Publishing | Comics sales were up 22 percent in the direct market over January 2012, and graphic novels increased by nearly 38 percent. This good news is tempered a bit by the fact there were five Wednesdays in this January (or 25 percent more Wednesdays, if you want to look at it that way), but that fifth week is usually a quiet one for new releases, so I think we can call this a win. The retail news and analysis site ICv2 credits Marvel NOW! and a strong backlist for the boost. [ICv2]
Publishing | Dark Horse’s video-game art book The Legend of Zelda: Hyrule Historia last week was the No. 1 book in the United States, according to Nielsen BookScan — not merely in the graphic novel category, but in any category. The initial print run was 400,000 copies. (Comic Book Resources interviewed the book’s editor Patrick Thorpe last month.) [ICv2]
Robert Kirkman and Skybound Entertainment will debut a new digital hub for the hit Walking Dead franchise on Sunday, timed to coincide with the midseason premiere of the television adaptation.
According to USA Today, TheWalkingDead.com will contain information about the long-running Image Comics series, the AMC drama and the growing list of games (which include the recent Telltale episodic series, the Walking Dead: Assault app and Activision’s upcoming Survival Instinct). In addition, there will be special-event updates, wikis for character biographies, and, of course, a store for exclusive merchandise. At the moment, fans have to visit multiple websites for that information.
AMC’s The Walking Dead returns Sunday at 9 p.m. ET/PT on AMC. The Walking Dead #107, by Kirkman, Charlie Adlard and Cliff Rathburn, goes on sale Wednesday.
I’ve mentioned before that I’m a fan of Marvel’s Avengers Alliance on Facebook, the turn-based social media game that lets you recruit Marvel characters and send them on missions to beat up the bad guys. The game launched almost a year ago, and it’s still going strong, with new chapters introduced at a steady pace, new player vs. player tournaments providing the opportunity to fight for in-game rewards, and special operations that introduce new characters to your ranks. They do a fairly good job of giving you something new to do at any given time. For instance, as the latest PvP tournament was getting close to completion (with the big prize being early access to recruiting the Punisher to your team), they introduced a new special operations quest “Cry Havok.” As you might have guessed, it introduces Havok … as well as the first “villain” you can recruit, Magneto.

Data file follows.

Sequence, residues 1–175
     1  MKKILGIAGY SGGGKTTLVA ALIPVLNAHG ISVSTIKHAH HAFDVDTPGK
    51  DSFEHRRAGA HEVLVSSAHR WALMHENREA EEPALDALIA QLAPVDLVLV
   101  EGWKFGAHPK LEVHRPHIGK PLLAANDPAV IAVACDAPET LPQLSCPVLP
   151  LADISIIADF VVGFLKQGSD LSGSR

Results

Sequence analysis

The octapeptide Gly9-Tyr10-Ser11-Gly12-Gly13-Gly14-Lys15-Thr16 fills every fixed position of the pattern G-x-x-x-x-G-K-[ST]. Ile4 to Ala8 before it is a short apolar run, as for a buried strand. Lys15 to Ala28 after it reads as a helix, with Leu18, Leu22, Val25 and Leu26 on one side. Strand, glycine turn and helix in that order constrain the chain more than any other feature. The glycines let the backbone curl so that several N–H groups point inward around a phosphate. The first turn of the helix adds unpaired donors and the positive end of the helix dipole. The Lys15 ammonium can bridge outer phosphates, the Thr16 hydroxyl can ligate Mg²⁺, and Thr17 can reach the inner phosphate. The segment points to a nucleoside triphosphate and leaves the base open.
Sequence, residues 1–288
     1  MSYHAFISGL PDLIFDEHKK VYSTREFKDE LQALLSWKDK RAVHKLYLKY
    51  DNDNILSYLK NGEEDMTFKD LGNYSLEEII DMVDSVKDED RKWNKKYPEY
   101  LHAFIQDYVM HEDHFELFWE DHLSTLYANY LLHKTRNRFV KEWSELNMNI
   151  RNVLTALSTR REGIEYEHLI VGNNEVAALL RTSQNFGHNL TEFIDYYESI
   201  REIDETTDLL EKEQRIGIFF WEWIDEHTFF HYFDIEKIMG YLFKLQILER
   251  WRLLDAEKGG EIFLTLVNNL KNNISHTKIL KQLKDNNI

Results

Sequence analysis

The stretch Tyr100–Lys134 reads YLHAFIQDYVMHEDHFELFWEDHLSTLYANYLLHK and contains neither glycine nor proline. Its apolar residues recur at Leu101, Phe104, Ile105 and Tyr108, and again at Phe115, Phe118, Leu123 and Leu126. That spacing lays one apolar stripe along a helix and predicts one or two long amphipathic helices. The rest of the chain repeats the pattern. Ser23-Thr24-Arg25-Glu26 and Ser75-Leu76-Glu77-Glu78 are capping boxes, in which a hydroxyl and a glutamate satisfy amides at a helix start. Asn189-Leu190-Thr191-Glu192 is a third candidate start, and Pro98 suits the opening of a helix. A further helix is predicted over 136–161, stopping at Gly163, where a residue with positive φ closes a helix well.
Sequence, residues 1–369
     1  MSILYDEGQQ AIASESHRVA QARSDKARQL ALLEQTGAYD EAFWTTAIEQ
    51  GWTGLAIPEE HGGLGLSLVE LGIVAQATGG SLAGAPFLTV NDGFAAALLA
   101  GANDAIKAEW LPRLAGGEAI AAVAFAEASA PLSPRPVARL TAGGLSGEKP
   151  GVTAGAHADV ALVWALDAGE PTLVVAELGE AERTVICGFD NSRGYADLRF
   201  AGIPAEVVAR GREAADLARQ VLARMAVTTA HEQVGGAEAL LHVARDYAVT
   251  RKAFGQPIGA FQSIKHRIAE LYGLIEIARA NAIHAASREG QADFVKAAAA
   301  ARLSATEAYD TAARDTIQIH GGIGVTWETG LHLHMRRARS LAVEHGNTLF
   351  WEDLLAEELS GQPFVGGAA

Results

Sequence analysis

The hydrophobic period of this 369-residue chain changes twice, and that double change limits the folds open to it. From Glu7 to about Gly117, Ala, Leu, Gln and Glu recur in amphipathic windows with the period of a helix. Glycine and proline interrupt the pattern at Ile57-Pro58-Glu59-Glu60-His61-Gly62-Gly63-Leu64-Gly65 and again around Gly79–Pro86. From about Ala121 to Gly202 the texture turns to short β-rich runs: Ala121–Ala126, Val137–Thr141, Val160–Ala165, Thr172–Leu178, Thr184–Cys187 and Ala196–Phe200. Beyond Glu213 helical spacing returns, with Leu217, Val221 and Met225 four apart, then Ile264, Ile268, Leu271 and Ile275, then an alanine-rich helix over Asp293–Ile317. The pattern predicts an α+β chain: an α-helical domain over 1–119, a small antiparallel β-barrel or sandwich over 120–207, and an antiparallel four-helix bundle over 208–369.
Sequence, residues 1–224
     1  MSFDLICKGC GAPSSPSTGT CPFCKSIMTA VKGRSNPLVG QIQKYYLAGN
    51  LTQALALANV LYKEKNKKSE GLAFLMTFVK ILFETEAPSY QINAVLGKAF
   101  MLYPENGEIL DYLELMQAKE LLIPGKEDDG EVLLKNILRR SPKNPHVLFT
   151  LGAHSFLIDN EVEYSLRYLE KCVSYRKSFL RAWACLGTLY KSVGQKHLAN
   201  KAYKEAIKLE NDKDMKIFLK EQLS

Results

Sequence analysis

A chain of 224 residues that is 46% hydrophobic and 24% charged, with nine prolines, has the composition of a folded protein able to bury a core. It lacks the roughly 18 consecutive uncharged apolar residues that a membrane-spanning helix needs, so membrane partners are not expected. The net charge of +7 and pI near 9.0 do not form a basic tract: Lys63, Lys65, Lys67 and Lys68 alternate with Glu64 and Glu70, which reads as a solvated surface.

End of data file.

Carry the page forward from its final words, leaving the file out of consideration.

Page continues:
Although the sale price hasn’t been announced, the figure is believed to be considerably lower than the $650 million News Corp. paid for IGN in 2005. According to PandoDaily, Ziff Davis shelled out even less than the $100 million that had been floated as an asking price. IGN had been on the market for six months.
The deal includes all of IGN’s websites devoted to video games, comic books, film, television and men’s lifestyle, including IGN.com, UGO.com, 1UP.com and AskMen.com. In some respects, it brings the two companies full circle as, before its acquisition by j2, Ziff Davis sold 1Up to UGO Entertainment, which was then acquired from Hearst Corporation by IGN in 2011.
“This is a transformative deal for our digital media business,” j2 Global CEO Hemi Zucker said in a statement. “By combining two of the most storied organizations in tech, gaming and entertainment, we have created a very powerful company capable of producing and delivering content in all forms to an audience that marketers highly value.”
As Tomb Raider prepares to return to consoles in March, Dark Horse and Crystal Dynamics have announced a comic-book homecoming for Lara Croft beginning with the video-game prequel Tomb Raider: The Beginning.
Written by game scribe Rhianna Pratchett and illustrated by Nicolas Daniel Selma and Andrea Mutti, the 48-page, six-part hardcover omnibus “follows the story of how the crew came together for The Endurance’s fateful mission to discover the lost Japanese kingdom of Yamatai. Originally intended to feature as the latest installment of Dr. James Whitman’s successful archaeology show, Whitman’s World, the show-biz archaeologist gets more than he bargained for when he enlists the help of Captain Conrad Roth. As Roth’s unique and eccentric crew gradually come together and share their stories and secrets, the expedition faces unexpected threats before it’s even begun.”